Haiti: Developing emergency evacuation plans for community infrastructures

Source(s)
Cooperazione Internazionale

By Lara Palmisano (@larapalmisano)

Despite its high vulnerability to disasters, emergency and evacuation plans are not mandatory in Haiti. To address this problem, International NGOs COOPI and GOAL are working to ensure the development and utilization of emergency and evacuation plans for community infrastructures to improve preparedness in case of a disaster.

This initiative is part of the programme “Strengthening capacity to prepare, mitigate, and respond to disasters in vulnerable urban communities” funded by the European Commission's Humanitarian Aid and Civil Protection department (ECHO). The project also works in collaboration with AGERCA, a network of Haitian businesses that focuses on engaging private companies in activities of disaster risk reduction (DRR).

The main objective is to institutionalize emergency and evacuation plans and render them compulsory in order to protect the greatest number of people possible when emergency strikes. To this end, COOPI, GOAL, and AGERCA work in collaboration with Haitian authorities, including the Department of Civil Protection.

"Every infrastructure has its own specific characteristics and problems that depend upon various factors, such as the type of building (whether it’s a hotel, church, school, factory, etc.), the number of people to evacuate, and whether there are special risks (chemicals, fuels, etc.). It is therefore necessary to think on its specificity in order to find the best solutions for the evacuation,” says Benoit Gladymir, COOPI’s Engineer for the project.

Most of the buildings in Haiti do not have blueprints. Engineers for the project, such a Gladymir, create a building plan, they identify risk areas and additional equipment for emergency (such as alarm buttons, emergency preparedness kits, fire extinguishers, etc.). The emergency plans, once developed, are then prominently and visibly posted in strategic places throughout the building. Members of the development community, including ECHO and NGOs Better Work and Oxfam and private companies such as BRANA S.A. and Enmarcolda have already benefited from the project.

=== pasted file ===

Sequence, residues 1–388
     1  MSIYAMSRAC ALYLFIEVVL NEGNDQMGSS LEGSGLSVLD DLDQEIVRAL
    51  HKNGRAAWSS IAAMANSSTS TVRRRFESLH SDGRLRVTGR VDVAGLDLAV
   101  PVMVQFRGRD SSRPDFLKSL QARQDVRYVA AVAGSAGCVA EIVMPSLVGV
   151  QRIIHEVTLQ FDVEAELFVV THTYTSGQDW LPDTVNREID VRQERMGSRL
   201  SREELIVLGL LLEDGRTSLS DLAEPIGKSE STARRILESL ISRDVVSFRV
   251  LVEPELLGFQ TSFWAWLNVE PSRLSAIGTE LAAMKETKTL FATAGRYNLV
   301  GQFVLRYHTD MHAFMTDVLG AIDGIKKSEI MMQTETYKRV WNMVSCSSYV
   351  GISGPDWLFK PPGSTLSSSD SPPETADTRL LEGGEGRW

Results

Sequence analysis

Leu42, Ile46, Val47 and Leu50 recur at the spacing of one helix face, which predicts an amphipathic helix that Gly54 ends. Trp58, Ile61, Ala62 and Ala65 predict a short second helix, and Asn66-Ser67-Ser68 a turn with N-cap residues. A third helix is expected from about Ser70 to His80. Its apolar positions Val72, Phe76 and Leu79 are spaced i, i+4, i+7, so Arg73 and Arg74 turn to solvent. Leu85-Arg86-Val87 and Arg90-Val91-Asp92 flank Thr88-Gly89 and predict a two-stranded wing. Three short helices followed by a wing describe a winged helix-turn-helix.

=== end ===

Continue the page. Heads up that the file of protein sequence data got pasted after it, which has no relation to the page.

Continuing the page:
In addition to emergency and evacuation plans, evacuation drills are also key elements of emergency preparedness. Each public space, be it a private business, church, school, etc. has a responsibility to complete at least two evacuation drills per year. These drills are done in collaboration with supporting agencies, such as the Haitian Red Cross, the police, AGERCA, and the Department of Civil Protection, and are designed to test and assure the knowledge and understanding of emergency and evacuation procedures.

As stated by Benoit, “The implementation of emergency and evacuation plans offer many benefits to the whole of Haitian society as they help created a safer environment for both employees and customers. In addition, achieving international standards in emergency preparedness also strengthens the institution’s legitimacy.”

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